MEMPHIS, Michigan (AP) -- A high school senior says he earned an A+, not an A, and has sued to get the grade changed to bolster his chance at becoming valedictorian.
Brian Delekta, who finished 11th grade in 2002 ranked at the top of his class, says he should have received an A+ for a St. Clair County intermediate school district work-experience class in which he worked as a paralegal in his mother's law office.
Memphis schools award grades on a 12-point scale, with an A+ being a 12. The highest grade awarded by the intermediate school district is an A. Memphis High School gave Delekta credit for an A.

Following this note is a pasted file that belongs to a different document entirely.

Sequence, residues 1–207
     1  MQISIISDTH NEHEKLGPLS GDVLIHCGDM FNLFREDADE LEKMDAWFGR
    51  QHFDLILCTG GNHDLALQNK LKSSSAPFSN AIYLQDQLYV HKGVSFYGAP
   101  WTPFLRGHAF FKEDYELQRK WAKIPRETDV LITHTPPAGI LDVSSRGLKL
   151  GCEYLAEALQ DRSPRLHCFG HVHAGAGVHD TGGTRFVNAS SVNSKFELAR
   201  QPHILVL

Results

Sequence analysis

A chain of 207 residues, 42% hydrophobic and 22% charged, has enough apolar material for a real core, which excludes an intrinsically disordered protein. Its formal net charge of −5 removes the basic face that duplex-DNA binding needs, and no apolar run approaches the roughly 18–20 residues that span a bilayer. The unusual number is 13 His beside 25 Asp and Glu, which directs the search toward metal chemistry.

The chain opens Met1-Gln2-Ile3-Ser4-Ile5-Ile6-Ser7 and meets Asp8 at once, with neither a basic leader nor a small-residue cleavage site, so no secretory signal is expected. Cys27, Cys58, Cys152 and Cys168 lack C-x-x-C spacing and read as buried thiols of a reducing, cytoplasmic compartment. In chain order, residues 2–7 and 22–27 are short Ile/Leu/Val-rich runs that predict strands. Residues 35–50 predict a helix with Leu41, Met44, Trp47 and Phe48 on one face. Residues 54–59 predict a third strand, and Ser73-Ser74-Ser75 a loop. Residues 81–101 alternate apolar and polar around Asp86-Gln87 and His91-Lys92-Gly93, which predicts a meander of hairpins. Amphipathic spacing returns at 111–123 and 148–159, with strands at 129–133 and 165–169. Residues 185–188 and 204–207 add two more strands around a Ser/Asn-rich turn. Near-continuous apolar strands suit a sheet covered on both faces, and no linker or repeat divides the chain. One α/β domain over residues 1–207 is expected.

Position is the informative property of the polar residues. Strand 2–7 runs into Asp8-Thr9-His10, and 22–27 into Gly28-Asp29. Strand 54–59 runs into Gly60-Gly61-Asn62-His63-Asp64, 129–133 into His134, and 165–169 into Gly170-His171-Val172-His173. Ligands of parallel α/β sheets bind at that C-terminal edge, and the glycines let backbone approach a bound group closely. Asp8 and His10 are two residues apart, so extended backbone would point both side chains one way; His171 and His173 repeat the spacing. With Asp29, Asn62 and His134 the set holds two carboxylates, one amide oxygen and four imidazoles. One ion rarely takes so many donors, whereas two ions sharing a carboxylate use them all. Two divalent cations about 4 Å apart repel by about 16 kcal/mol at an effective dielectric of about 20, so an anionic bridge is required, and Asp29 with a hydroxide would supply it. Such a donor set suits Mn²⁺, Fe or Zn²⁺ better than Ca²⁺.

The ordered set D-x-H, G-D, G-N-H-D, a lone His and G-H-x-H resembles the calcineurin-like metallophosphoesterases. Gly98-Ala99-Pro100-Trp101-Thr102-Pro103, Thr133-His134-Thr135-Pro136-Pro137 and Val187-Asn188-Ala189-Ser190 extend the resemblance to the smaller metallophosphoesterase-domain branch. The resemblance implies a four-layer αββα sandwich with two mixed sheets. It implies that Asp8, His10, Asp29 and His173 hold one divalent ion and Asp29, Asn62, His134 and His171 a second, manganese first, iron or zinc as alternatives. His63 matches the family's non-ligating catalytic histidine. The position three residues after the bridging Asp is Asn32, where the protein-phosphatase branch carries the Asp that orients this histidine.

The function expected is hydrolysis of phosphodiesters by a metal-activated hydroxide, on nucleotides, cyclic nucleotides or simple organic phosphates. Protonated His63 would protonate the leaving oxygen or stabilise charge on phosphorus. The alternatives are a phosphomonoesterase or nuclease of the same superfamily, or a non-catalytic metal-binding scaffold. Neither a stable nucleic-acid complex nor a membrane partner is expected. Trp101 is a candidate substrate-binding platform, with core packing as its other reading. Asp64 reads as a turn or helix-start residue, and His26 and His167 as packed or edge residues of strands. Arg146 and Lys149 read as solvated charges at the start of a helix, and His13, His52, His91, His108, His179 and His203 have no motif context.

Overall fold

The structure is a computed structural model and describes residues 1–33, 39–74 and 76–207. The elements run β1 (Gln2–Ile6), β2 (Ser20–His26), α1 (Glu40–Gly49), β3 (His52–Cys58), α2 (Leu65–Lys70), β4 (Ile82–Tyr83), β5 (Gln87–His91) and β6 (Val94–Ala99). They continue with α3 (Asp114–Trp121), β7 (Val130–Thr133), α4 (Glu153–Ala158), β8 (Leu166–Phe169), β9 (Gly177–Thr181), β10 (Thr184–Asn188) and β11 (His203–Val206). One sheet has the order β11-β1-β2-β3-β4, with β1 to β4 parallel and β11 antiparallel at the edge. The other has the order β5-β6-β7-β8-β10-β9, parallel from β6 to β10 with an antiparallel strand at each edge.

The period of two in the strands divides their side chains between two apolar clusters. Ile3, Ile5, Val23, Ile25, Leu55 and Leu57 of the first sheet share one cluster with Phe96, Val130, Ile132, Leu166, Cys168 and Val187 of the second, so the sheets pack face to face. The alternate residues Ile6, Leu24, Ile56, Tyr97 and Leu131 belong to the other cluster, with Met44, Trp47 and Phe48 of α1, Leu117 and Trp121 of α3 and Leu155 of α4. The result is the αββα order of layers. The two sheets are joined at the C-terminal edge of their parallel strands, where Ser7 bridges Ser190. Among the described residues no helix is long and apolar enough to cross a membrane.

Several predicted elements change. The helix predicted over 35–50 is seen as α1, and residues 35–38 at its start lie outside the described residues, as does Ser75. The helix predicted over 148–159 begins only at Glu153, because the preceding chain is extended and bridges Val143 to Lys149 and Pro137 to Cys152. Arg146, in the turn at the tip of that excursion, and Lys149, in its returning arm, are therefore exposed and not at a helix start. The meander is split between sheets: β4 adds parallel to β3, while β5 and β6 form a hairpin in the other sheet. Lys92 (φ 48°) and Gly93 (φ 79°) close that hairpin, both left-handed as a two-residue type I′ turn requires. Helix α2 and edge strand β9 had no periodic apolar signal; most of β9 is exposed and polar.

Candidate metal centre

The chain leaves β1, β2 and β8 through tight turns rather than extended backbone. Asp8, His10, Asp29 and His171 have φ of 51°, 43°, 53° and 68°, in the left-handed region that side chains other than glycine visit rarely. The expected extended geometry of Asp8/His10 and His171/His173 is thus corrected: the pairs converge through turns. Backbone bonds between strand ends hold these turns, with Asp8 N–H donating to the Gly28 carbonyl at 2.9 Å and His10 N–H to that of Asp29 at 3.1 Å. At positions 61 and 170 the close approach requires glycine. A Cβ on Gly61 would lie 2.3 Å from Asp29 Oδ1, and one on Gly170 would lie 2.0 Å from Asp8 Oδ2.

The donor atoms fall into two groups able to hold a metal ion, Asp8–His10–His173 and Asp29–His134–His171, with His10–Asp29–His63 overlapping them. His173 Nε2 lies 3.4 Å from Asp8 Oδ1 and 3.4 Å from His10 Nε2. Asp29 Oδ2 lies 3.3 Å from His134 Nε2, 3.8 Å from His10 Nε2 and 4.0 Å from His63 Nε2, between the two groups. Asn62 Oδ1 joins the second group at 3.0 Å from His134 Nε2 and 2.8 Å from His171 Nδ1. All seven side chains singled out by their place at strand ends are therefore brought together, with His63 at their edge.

Diane Delekta said her son, who filed the suit Friday, fulfilled the district's work program requirements and performed professionally at work.
"It was what he would do if he were a paralegal in a law office," she said. "He prepared documents, met with clients."
The Memphis school board considered altering its grade policy to allow percentage grades from the countywide district to be factored into its system. The board rejected that option January 29.
"I heard ahead of time (that the threat of a lawsuit) was out there, but to worry about that would be wrong," board President Harold Burns said.
The suit names the school principal, superintendent and all seven school board members as defendants. It asks to have the grade changed and to have class rankings, due out Monday, blocked until the case is settled.
A judge is to consider a restraining order request Monday.